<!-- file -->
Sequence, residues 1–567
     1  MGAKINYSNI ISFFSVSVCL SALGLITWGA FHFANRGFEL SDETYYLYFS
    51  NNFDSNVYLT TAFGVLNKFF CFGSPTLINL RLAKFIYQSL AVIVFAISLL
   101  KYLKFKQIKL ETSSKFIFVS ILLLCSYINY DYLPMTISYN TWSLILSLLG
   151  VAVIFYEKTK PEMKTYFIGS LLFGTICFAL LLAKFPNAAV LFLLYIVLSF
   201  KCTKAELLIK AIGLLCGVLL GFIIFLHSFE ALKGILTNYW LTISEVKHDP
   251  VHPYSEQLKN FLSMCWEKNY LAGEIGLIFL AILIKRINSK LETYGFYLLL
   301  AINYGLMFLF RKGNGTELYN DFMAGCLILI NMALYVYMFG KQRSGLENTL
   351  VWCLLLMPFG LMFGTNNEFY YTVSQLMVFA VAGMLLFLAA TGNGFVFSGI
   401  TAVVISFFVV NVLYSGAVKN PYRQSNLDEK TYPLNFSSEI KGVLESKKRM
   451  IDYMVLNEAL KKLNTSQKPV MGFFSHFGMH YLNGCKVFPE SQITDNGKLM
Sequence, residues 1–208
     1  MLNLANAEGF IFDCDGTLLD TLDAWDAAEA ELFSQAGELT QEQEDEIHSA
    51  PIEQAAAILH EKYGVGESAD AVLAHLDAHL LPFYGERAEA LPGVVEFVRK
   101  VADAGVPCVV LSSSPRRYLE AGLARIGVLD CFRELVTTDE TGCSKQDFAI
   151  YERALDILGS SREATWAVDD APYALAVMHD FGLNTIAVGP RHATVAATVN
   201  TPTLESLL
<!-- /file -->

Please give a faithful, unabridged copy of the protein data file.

Sequence, residues 1–567
     1  MGAKINYSNI ISFFSVSVCL SALGLITWGA FHFANRGFEL SDETYYLYFS
    51  NNFDSNVYLT TAFGVLNKFF CFGSPTLINL RLAKFIYQSL AVIVFAISLL
   101  KYLKFKQIKL ETSSKFIFVS ILLLCSYINY DYLPMTISYN TWSLILSLLG
   151  VAVIFYEKTK PEMKTYFIGS LLFGTICFAL LLAKFPNAAV LFLLYIVLSF
   201  KCTKAELLIK AIGLLCGVLL GFIIFLHSFE ALKGILTNYW LTISEVKHDP
   251  VHPYSEQLKN FLSMCWEKNY LAGEIGLIFL AILIKRINSK LETYGFYLLL
   301  AINYGLMFLF RKGNGTELYN DFMAGCLILI NMALYVYMFG KQRSGLENTL
   351  VWCLLLMPFG LMFGTNNEFY YTVSQLMVFA VAGMLLFLAA TGNGFVFSGI
   401  TAVVISFFVV NVLYSGAVKN PYRQSNLDEK TYPLNFSSEI KGVLESKKRM
   451  IDYMVLNEAL KKLNTSQKPV MGFFSHFGMH YLNGCKVFPE SQITDNGKLM
Sequence, residues 1–208
     1  MLNLANAEGF IFDCDGTLLD TLDAWDAAEA ELFSQAGELT QEQEDEIHSA
    51  PIEQAAAILH EKYGVGESAD AVLAHLDAHL LPFYGERAEA LPGVVEFVRK
   101  VADAGVPCVV LSSSPRRYLE AGLARIGVLD CFRELVTTDE TGCSKQDFAI
   151  YERALDILGS SREATWAVDD APYALAVMHD FGLNTIAVGP RHATVAATVN
   201  TPTLESLL